I love the simplicity of this story, the humour, the playfulness. And I love that this play exists in the pull between the past and the future. This play exists immediately in the turning point of Jacob and Mary's lives and it is a beautiful thing to watch them try to sort out what they want and why.
What do you hope audiences will take away from this play?
When we hear that something is a love story, we all want to believe it, but we think we should be smarter than that. We are skeptical of love - we are cynical, especially of young love. SALT-WATER MOON is a simple love story which gently asks us to fight for love for 90 minutes.
I hope that it will inspire our audience to hope and fight for the future, and to leave the past in the past.
Why do you think this play is suitable for the PT stage?
This show opens up the conversation about practicality and feeling - it asks us to examine what is real and what is not. What is superstition, and what is science. This is especially relevant to the PT stage as we try to understand the role of faith in a world of fact. Will you let the facts of the past hold you back from believing in the possibilities of the future?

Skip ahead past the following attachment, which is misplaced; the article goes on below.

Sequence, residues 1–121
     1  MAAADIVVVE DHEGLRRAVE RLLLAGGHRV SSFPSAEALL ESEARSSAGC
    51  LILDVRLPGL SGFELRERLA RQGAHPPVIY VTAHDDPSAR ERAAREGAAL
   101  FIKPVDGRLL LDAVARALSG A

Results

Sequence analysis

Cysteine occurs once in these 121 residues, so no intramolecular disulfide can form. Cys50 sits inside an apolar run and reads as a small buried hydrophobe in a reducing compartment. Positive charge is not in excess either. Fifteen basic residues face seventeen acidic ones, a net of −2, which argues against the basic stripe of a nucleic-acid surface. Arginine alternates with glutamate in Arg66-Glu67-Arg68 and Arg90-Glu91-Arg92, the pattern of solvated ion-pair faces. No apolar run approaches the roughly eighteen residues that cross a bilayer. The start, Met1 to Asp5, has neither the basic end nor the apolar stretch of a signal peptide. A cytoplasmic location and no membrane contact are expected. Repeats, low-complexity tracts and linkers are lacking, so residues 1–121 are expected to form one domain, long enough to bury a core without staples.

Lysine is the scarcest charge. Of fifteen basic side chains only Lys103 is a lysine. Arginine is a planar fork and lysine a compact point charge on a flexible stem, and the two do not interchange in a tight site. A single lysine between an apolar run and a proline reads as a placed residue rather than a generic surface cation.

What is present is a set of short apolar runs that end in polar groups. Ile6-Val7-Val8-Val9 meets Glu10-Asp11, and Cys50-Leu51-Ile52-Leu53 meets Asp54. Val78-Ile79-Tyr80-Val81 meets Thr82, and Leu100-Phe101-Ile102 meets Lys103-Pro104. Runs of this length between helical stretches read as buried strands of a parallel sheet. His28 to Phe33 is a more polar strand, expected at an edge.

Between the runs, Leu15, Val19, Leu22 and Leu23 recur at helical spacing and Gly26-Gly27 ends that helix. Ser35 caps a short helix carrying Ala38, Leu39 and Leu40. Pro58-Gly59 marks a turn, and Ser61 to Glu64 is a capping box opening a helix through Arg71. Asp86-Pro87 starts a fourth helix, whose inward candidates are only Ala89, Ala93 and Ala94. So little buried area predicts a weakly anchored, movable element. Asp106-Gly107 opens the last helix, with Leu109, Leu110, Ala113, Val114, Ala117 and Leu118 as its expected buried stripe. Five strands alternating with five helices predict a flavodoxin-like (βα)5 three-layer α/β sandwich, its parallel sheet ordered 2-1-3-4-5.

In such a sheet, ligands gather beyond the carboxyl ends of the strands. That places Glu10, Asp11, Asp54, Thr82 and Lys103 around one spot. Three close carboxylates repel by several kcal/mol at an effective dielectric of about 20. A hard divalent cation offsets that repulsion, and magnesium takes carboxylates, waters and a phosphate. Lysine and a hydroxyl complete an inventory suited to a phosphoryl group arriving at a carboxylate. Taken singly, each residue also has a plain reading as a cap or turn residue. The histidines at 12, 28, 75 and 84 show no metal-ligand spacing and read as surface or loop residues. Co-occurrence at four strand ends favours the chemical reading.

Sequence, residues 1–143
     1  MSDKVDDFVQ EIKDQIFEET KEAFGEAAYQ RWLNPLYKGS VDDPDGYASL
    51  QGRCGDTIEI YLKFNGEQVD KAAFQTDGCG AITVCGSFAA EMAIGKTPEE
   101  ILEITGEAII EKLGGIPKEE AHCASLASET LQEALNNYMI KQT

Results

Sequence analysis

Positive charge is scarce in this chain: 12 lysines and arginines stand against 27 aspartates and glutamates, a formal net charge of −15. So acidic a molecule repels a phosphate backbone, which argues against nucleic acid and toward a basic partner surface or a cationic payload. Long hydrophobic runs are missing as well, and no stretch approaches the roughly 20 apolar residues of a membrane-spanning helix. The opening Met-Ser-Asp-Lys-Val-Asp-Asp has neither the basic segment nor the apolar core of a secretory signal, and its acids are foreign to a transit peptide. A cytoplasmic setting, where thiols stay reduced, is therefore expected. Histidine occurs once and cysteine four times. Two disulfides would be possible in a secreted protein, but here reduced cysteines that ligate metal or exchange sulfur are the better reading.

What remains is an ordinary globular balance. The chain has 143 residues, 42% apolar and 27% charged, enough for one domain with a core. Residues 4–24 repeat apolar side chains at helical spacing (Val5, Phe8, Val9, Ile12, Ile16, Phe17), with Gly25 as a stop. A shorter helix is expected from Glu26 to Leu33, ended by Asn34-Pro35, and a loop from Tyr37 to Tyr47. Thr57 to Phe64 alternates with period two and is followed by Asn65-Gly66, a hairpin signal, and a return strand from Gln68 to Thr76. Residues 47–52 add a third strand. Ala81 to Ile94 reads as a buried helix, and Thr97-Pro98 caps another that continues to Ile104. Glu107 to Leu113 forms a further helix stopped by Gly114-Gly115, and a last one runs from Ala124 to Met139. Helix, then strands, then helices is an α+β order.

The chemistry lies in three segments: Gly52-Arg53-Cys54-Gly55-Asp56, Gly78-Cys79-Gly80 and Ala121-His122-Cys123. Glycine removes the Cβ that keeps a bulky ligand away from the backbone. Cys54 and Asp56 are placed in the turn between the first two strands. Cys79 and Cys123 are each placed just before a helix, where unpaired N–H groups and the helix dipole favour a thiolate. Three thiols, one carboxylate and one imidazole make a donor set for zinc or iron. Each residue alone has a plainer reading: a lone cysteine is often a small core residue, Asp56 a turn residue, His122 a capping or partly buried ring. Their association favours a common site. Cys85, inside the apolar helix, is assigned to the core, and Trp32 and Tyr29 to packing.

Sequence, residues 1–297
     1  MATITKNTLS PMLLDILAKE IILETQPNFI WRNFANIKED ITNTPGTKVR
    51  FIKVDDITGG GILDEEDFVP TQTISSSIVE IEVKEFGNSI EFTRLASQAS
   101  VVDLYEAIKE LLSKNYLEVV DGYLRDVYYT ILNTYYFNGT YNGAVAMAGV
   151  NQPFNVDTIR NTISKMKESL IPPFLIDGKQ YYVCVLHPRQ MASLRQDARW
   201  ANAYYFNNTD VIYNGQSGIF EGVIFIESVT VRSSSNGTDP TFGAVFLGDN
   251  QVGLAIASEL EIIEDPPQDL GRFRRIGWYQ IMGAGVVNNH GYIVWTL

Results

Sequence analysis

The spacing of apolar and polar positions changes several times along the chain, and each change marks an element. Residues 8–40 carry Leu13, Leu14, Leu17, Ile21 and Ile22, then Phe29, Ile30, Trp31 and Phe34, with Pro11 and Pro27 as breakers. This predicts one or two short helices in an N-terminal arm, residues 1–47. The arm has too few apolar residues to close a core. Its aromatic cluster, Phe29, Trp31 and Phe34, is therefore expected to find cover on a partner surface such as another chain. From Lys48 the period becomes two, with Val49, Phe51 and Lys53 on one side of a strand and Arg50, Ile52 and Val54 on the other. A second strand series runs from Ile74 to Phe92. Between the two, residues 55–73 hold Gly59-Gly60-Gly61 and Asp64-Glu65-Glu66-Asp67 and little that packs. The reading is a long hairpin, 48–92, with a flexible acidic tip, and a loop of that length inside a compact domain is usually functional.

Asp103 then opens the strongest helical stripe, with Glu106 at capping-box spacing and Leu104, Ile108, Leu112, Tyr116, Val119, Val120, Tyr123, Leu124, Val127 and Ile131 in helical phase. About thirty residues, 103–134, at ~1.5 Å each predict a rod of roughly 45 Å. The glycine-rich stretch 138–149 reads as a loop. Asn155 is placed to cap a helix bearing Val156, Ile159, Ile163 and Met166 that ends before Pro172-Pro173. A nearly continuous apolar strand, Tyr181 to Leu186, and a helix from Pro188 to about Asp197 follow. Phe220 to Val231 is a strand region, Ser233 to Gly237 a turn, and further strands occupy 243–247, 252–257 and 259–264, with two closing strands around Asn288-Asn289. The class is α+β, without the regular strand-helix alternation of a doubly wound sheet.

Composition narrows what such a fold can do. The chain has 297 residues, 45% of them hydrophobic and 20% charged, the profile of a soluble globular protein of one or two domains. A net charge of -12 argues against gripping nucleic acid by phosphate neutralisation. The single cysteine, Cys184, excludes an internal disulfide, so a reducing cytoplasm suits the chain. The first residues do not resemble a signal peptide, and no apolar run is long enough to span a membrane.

I have been thinking about this play for 6 years now and I am thrilled to be doing it at my favourite theatre!
Phil Miguel is designing all the visual elements (set, costumes, props, lights) and he is bringing just the right amount of magic and sense to the production. The multi-talented Julie is collaborating with Molly McKinnon to underscore the show with sea chantys and folk songs on the violin. By the time everything is together in one room we will have a show which rests between the myths of the constellations and the certainty of a fishing boat, tugging between the foundations of the past and the mystery of the future.